The walk in the park as CFL commissioner is over for Mark Cohon. After an easy-breezy first season, Cohon faces a series of crises that are endangering his league’s credibility and, in reality, its very existence.
• The Buffalo Bills’ decision to play eight games (three exhibition) at the Rogers Centre over the next five years. It’s perceived by many within professional football — including B.C. Lions president Bob Ackles — as the start of an NFL plan to ultimately place the team permanently in Toronto. And, if that happens, Ackles et al figure it’s game over for the CFL.
• The CFL’s outstanding player from last season, Saskatchewan quarterback Kerry Joseph, is trying out with the NFL’s New Orleans Saints, unhappy with the Roughriders’ refusal to pay him what he considers a fair salary. This, only a few weeks after the CFL’s soon-to-be-named top coach of 2007, Kent Austin, abandoned the Riders to become offensive co-ordinator at the University of Mississippi.
• A new league, the AAFL, is launching and making it difficult for the CFL to sign the calibre of talent they’re used to. Players such as former University of Florida QB Chris Leak are rejecting the CFL to join the AAFL. And players such as Hamilton Tiger-Cats defensive back Tay Cody are jumping from the CFL to the AAFL — even while under contract to the CFL.
• The Ticats, for rejecting their chance to be part of the Bills’ strategy to rip off Southern Ontarians. (The Bills want $4,000 up front for an average pair of tickets for the aforementioned eight games in Toronto.)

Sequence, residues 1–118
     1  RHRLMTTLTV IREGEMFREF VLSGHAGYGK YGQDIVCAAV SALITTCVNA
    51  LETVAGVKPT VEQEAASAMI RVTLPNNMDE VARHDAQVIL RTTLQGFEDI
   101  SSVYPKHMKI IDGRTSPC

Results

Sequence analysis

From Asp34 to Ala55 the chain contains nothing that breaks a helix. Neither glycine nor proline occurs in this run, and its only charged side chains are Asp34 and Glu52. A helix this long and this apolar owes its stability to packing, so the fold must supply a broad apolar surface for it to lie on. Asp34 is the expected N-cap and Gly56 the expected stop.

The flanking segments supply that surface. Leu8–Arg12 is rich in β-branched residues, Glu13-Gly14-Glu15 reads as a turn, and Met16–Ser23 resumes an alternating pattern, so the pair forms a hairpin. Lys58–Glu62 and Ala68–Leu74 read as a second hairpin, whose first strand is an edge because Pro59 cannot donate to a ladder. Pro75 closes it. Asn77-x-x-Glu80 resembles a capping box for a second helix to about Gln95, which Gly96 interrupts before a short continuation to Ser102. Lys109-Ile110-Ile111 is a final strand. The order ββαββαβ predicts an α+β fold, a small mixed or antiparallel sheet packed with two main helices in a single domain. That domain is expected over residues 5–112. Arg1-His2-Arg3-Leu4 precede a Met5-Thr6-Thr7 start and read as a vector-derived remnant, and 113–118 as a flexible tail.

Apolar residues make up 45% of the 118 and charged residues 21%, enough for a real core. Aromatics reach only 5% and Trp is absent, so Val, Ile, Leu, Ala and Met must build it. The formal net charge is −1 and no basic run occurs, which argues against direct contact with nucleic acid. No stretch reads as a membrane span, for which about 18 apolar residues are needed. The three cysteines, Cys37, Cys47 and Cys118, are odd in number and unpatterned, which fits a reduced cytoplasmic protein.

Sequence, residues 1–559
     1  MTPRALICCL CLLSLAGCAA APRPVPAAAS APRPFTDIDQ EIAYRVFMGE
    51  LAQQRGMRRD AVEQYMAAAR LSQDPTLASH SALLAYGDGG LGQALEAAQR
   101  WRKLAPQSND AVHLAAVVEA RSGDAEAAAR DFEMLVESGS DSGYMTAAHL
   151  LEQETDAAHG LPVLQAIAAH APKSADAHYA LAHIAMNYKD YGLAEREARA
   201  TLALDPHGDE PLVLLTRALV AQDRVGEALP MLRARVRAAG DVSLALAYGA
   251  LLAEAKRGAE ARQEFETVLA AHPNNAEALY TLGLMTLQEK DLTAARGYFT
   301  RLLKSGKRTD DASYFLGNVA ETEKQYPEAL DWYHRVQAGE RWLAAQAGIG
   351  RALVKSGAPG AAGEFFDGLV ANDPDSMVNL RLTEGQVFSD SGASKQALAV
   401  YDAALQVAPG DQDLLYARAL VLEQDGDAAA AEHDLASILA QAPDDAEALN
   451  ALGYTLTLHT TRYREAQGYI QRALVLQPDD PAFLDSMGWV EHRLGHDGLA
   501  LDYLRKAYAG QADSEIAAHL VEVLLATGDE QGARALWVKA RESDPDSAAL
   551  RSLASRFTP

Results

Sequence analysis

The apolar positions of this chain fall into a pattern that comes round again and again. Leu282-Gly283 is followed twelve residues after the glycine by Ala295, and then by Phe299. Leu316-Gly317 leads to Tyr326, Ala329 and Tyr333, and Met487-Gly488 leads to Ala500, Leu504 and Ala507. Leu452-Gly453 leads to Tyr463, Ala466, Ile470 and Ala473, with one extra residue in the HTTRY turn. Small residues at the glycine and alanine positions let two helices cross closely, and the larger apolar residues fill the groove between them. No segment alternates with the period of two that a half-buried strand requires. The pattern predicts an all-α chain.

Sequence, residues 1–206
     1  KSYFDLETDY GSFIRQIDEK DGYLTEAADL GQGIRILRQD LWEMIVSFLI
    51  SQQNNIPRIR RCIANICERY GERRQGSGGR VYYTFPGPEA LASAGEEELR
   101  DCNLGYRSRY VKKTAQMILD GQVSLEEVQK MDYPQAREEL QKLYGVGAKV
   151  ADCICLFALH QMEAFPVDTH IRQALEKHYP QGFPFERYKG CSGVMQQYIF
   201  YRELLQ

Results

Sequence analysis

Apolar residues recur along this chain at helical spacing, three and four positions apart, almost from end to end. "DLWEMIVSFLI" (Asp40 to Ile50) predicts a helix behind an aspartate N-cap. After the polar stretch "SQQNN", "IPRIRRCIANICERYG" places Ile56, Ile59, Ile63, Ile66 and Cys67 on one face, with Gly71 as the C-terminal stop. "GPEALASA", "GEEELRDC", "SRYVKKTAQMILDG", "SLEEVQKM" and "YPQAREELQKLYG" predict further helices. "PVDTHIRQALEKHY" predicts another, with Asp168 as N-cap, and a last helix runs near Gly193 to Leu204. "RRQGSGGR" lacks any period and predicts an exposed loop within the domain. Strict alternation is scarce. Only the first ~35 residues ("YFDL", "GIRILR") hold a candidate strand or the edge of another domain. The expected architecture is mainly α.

• Canadian basketball star Steve Nash, for investing in the fledgling Women’s Professional Soccer League.
• Moi (hey, if I don’t congratulate myself, who will?), for suggesting here Dec. 18 that the Pats would go 18-0 but would run out of gas and lose in the Super Bowl.
• Canadian sports channels are planning to super-size their coverage of the NHL’s trade-deadline day (Feb. 21) and one will use John Ferguson Jr., who promises to open up on the air considerably more than he did when he was the tight-lipped general manager of the Maple Leafs … The New York Mets have given Johan Santana a seven-year deal worth $150.75-million US, a record for a pitcher on a long-term contract … And, although he’s 43, weak-kneed and under indictment for perjury and obstruction of justice, Barry Bonds is seeking an MLB team for which to play in 2008. He might strike out.